8. I. Kanter, Y. Aviad, I. Reidler, E. Cohen, and M. Rosenbluh, “An optical ultrafast random bit generator,” Nat. Photonics4(1), 58–61 (2010). [CrossRef]
  9. A. Argyris, S. Deligiannidis, E. Pikasis, A. Bogris, and D. Syvridis, “Implementation of 140 Gb/s true random bit generator based on a chaotic photonic integrated circuit,” Opt. Express18(18), 18763–18768 (2010). [CrossRef] [PubMed]
  10. J. Ohtsubo, “Semiconductor Lasers: Stability, Instability and chaos,” Second Ed., Springer-Verlag, Berlin Heidelberg (2008).
  11. R. Vicente, J. Dauden, P. Colet, and R. Toral, “Analysis and characterization of the hyperchaos generated by a semiconductor laser subject to a delayed feedback loop,” IEEE J. Quantum Electron.41(4), 541–548 (2005). [CrossRef]
  12. J. Paul, M. W. Lee, and K. A. Shore, “3.5-GHz signal transmission in an all-optical chaotic communication scheme using 1550-nm diode lasers,” IEEE Photon. Technol. Lett.17(4), 920–922 (2005). [CrossRef]
  13. T. Heil, I. Fischer, W. Elsässer, J. Mulet, and C. R. Mirasso, “Chaos synchronization and spontaneous symmetry-breaking in symmetrically delay-coupled semiconductor lasers,” Phys. Rev. Lett.86(5), 795–798 (2001). [CrossRef] [PubMed]
  14. E. Klein, N. Gross, E. Kopelowitz, M. Rosenbluh, L. Khaykovich, W. Kinzel, and I. Kanter, “Public-channel cryptography based on mutual chaos pass filters,” Phys. Rev. E Stat. Nonlin. Soft Matter Phys.74, 046201 (2006). [CrossRef] [PubMed]
  15. R. Vicente, C. R. Mirasso, and I. Fischer, “Simultaneous bidirectional message transmission in a chaos-based communication scheme,” Opt. Lett.32(4), 403–405 (2007). [CrossRef] [PubMed]
  16. W. L. Zhang, W. Pan, B. Luo, X. H. Zou, M. Y. Wang, and Z. Zhou, “Chaos synchronization communication using extremely unsymmetrical bidirectional injections,” Opt. Lett.33(3), 237–239 (2008). [CrossRef] [PubMed]
  17. J. F. Martinez Avila and J. R. Rios Leite, “Time delays in the synchronization of chaotic coupled lasers with feedback,” Opt. Express17(24), 21442–21451 (2009). [CrossRef] [PubMed]
  18. T. Deng, G. Q. Xia, Z. M. Wu, X. D. Lin, and J. G. Wu, “Chaos synchronization in mutually coupled semiconductor lasers with asymmetrical bias currents,” Opt. Express19(9), 8762–8773 (2011). [CrossRef] [PubMed]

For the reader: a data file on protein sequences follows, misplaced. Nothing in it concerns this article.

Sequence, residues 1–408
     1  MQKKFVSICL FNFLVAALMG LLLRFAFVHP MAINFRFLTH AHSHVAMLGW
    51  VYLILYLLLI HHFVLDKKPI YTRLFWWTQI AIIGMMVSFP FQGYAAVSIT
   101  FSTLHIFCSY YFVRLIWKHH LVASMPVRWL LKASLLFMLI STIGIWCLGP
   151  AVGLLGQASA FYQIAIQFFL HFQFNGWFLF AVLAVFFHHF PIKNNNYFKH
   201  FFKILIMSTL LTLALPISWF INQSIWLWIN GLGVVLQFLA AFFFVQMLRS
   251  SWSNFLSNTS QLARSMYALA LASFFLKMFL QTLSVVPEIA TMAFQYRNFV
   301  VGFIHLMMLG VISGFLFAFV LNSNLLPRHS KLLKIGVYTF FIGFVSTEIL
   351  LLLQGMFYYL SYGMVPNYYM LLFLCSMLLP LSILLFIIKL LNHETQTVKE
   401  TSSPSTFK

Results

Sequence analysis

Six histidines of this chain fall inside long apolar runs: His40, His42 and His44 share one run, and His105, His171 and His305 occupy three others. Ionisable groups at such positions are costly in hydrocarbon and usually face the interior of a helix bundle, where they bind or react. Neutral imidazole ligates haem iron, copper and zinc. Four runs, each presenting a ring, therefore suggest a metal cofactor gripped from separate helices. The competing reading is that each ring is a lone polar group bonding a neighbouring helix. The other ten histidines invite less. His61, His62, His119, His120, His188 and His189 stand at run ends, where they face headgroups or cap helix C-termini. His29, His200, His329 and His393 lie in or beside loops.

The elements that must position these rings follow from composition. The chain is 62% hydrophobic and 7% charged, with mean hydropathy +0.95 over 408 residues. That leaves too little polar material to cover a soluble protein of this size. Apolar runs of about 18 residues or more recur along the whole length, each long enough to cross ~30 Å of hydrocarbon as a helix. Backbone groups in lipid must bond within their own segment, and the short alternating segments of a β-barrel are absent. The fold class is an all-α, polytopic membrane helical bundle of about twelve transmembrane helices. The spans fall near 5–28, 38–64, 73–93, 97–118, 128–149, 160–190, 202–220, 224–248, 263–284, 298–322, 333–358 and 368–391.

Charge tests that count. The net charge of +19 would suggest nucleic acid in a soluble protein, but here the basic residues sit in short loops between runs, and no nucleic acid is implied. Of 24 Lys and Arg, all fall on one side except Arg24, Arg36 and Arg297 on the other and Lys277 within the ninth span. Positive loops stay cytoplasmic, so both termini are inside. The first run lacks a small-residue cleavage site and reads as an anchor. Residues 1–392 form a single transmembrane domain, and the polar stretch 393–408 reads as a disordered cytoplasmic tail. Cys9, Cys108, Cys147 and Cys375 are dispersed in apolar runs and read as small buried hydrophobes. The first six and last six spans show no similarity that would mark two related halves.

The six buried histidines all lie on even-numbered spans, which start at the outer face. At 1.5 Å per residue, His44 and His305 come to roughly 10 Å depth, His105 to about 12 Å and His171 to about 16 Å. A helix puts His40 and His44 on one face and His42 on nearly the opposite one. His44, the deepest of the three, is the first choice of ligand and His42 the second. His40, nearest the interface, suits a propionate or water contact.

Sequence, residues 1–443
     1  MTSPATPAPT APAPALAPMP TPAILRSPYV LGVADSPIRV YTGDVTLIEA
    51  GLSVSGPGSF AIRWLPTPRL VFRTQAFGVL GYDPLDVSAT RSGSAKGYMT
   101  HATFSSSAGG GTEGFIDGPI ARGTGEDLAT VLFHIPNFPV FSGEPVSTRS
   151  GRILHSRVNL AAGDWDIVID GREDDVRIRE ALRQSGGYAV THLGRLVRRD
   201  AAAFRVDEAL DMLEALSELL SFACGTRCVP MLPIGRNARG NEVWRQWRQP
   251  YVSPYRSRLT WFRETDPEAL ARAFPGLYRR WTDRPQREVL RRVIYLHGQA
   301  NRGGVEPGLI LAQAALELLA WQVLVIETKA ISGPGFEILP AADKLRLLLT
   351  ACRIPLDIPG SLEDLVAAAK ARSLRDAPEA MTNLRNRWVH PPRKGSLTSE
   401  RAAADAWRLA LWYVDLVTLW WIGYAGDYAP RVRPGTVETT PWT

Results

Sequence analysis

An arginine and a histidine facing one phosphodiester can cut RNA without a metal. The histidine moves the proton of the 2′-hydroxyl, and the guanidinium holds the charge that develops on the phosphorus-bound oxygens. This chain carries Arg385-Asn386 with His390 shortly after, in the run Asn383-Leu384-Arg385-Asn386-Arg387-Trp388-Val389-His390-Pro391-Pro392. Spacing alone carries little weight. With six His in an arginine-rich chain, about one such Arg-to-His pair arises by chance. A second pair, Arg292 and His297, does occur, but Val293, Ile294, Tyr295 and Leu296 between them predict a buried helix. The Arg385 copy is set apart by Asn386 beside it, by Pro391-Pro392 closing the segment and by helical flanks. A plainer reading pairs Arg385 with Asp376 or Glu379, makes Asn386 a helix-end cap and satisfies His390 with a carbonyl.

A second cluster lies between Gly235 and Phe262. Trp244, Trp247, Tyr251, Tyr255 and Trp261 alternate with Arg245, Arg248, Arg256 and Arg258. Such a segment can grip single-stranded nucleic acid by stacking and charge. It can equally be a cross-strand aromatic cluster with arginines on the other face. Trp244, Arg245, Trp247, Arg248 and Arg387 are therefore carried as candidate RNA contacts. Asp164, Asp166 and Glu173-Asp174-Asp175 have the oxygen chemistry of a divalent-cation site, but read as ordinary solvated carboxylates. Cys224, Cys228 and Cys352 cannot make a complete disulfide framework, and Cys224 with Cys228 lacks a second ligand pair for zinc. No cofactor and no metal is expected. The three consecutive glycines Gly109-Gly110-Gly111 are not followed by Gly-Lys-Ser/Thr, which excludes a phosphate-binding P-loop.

19. H. D. I. Abarbanel, R. Brown, J. J. Sidorowich, and L. S. Tsimring, “The analysis of observed chaotic data in physical systems,” Rev. Mod. Phys.65(4), 1331–1392 (1993). [CrossRef]
  20. M. J. Bünner, M. Popp, T. Meyer, A. Kittel, and J. Parisi, “Tool to recover scalar time-delay systems from experimental time series,” Phys. Rev. E Stat. Phys. Plasmas Fluids Relat. Interdiscip. Topics54(4), R3082–R3085 (1996). [CrossRef] [PubMed]
  21. H. Voss and J. Kurths, “Reconstruction of nonlinear time-delayed feedback models from optical data,” Chaos Solitons Fractals10, 805–809 (1999).
  22. A. C. Fowler and G. Kember, “Delay recognition in chaotic time series,” Phys. Lett. A175(6), 402–408 (1993). [CrossRef]
  23. M. D. Prokhorov, V. I. Ponomarenko, A. S. Karavaev, and B. P. Bezruchko, “Reconstruction of time-delayed feedback systems from time series,” Physica D203(3-4), 209–223 (2005). [CrossRef]
  24. M. J. Bünner, T. Meyer, A. Kittel, and J. Parisi, “Recovery of the time-evolution equation of time-delay systems from time series,” Phys. Rev. E Stat. Phys. Plasmas Fluids Relat. Interdiscip. Topics56(5), 5083–5089 (1997). [CrossRef]
  25. R. Hegger, M. J. Bünner, H. Kantz, and A. Giaquinta, “Identifying and modeling delay feedback systems,” Phys. Rev. Lett.81(3), 558–561 (1998). [CrossRef]
  26. S. Ortin, J. M. Gutierrez, L. Pesquera, and H. Vasquez, “Nonlinear dynamics extraction for time-delay systems using modular neural networks synchronization and prediction,” Physica A351(1), 133–141 (2005). [CrossRef]